To the Editor: A 36-year-old female patient was admitted to Peking Union Medical College Hospital complaining of 6 years of headache. Magnetic resonance imaging (MRI) showed an intrasellar lesion with homogeneous hyperintense on T1-weighted images and T2-weighted images and inhomogeneous contrast enhancement by the gadolinium administration [Figure 1a and 1b]. Rathke's cleft cyst was initially diagnosed preoperatively, and the tumor was totally resected by transsphenoidal surgery. Histopathology revealed that granulomatous tissue consisted of cholesterol clefts, lymphoplasmacellular infiltrates, marked hemosiderin deposits, and multinucleated foreign body giant cells around cholesterol clefts [Figure 1e-1g]. Immunohistochemical staining showed strong positive of CD68, but negative of S100 and SMA [Figure 1h-1j], which was consistent with a diagnosis of xanthogranuloma of the sellar region. Postoperatively, MRI scans showed that there is no residual tumor [Figure 1c and 1d], and her severe headache was improved rapidly, the endocrine laboratory tests indicated that all the results were within normal limits. The most recent follow-up MRI was scanned at 36 months postoperatively and there was no sign of tumor recurrence.
Xanthogranulomas, known as cholesterol granulomas, are characterized by both granuloma and xanthoma. Xanthogranulomas in central nervous system mainly arise in the choroid plexus and most of them are located in the trigone of the lateral ventricle. However, xanthogranulomas of the sellar region are very rare, and it is difficult to preoperatively diagnose xanthogranulomas of the sellar region because there is no specific clinical and radiological feature. Therefore, it is necessary to clarify the natural history, pathogenesis, treatment, and prognosis of xanthogranulomas by accumulating more cases with xanthogranuloma.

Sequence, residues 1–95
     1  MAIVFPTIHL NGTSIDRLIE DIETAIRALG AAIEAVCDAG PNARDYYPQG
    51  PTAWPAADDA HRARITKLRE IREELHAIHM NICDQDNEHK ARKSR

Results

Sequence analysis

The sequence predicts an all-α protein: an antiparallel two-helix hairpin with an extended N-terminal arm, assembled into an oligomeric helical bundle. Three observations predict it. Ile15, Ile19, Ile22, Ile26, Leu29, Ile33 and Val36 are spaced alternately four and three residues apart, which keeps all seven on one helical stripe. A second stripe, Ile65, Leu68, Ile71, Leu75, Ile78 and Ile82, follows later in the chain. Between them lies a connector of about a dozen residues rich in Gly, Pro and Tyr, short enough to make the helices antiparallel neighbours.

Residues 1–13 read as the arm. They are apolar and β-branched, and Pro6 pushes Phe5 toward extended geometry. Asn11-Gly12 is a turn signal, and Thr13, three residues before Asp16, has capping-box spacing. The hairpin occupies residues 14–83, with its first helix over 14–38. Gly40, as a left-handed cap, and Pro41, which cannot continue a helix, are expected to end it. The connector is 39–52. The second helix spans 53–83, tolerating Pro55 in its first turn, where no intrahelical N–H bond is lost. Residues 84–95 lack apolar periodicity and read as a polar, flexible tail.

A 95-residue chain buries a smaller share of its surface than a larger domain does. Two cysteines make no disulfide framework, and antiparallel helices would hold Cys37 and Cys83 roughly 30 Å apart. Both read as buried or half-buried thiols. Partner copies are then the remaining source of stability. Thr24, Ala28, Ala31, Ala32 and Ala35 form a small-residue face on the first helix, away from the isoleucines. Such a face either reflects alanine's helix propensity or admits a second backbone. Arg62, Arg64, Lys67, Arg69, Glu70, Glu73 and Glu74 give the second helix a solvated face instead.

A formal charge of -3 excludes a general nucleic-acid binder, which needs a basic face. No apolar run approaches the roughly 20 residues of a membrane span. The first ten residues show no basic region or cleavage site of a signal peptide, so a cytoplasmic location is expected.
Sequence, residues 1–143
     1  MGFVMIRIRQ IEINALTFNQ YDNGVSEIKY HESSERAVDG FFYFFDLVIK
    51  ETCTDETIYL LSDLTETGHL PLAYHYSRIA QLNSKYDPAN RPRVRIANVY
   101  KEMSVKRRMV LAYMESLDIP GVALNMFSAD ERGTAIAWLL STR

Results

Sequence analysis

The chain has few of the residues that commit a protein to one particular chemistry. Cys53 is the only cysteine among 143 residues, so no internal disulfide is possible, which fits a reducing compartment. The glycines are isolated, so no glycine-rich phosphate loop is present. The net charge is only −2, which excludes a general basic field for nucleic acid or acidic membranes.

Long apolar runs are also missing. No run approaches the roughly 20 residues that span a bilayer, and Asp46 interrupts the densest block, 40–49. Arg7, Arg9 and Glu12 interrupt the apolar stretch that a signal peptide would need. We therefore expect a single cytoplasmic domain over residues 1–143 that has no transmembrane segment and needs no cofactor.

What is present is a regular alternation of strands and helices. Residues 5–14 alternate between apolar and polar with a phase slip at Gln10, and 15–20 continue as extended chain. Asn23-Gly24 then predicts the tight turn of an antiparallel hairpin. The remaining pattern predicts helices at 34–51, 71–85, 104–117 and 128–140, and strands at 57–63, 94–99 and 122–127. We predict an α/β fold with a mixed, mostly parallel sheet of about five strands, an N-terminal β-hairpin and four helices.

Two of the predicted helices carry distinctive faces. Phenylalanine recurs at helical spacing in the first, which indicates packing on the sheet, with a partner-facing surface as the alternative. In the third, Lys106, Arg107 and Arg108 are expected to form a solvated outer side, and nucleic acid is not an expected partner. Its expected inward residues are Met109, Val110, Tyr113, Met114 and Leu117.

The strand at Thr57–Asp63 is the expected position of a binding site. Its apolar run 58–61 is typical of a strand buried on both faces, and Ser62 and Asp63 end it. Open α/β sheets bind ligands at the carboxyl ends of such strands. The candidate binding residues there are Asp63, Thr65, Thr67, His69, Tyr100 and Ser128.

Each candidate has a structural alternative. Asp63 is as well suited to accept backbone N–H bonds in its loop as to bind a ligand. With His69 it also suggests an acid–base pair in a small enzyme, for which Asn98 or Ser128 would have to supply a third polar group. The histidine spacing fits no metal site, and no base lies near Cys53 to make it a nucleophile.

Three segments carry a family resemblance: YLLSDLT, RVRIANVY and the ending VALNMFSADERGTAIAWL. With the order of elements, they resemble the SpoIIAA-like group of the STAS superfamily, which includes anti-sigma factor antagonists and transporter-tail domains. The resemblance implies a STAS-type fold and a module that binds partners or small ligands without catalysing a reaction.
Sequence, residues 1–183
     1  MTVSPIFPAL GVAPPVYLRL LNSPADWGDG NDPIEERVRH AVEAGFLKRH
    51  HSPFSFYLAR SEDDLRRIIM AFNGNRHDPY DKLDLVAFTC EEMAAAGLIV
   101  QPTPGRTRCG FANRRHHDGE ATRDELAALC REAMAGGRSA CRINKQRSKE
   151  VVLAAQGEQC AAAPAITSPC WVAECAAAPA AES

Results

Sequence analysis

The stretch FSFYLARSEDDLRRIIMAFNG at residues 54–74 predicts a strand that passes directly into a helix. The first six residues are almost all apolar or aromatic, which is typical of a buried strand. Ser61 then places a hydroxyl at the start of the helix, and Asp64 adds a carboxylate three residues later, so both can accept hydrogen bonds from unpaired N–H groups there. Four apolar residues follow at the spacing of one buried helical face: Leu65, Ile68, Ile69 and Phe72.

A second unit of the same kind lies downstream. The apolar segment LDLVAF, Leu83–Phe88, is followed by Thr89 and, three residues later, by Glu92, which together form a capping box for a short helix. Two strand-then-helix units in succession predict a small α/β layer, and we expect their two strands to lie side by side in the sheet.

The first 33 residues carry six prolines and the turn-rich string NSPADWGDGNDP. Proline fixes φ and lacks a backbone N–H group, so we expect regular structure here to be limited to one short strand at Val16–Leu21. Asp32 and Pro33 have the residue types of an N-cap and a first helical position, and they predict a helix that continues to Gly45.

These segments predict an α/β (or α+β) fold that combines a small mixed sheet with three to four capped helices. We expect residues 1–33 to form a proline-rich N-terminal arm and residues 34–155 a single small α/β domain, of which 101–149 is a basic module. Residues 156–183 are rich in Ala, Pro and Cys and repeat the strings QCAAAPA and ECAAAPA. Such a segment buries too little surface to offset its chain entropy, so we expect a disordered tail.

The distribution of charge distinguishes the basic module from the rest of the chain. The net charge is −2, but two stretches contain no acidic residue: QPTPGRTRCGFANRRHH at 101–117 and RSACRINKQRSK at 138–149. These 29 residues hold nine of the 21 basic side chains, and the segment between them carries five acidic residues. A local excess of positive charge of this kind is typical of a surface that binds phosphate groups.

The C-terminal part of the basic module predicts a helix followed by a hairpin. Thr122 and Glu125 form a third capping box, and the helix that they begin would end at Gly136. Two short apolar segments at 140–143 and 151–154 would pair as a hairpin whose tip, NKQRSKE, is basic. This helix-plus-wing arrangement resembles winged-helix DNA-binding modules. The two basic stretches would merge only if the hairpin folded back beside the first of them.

Although the histogenesis and pathogenesis of xanthogranulomas still remain unclear, it has been generally postulated that xanthogranuloma is granulomatous degeneration induced by chronic inflammatory processes, hemorrhage, or infarction in circumscribed area.
There are no typical radiological features for xanthogranulomas of the sellar region. According to the previously reported literatures, about 70% of xanthogranulomas show marked hyperintensity of the lesion on T1-weighted images and 65% of them reveal iso- to hyper-intensity on T2-weighted images. However, it is difficult to differentiate xanthogranuloma from craniopharyngioma, Rathke's cleft cyst, and hemorrhagic pituitary adenoma only by MRI findings. Xanthogranulomas of the sellar region are rare but they should be considered in the differential diagnosis of the sellar lesions.
In summary, it is difficult to preoperatively diagnose xanthogranulomas of the sellar region because there is no specific clinical and radiological feature. Although the incidence of xanthogranuloma of the sellar region is very low, xanthogranuloma should be included in the differential diagnosis of lesion of the sellar region.
Financial support and sponsorship
This work was supported by grants from the National Natural Science Foundation of China (No. 81502639 and No. 81372414).
Conflicts of interest
There are no conflicts of interest.
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Edited by: Li-Shao Guo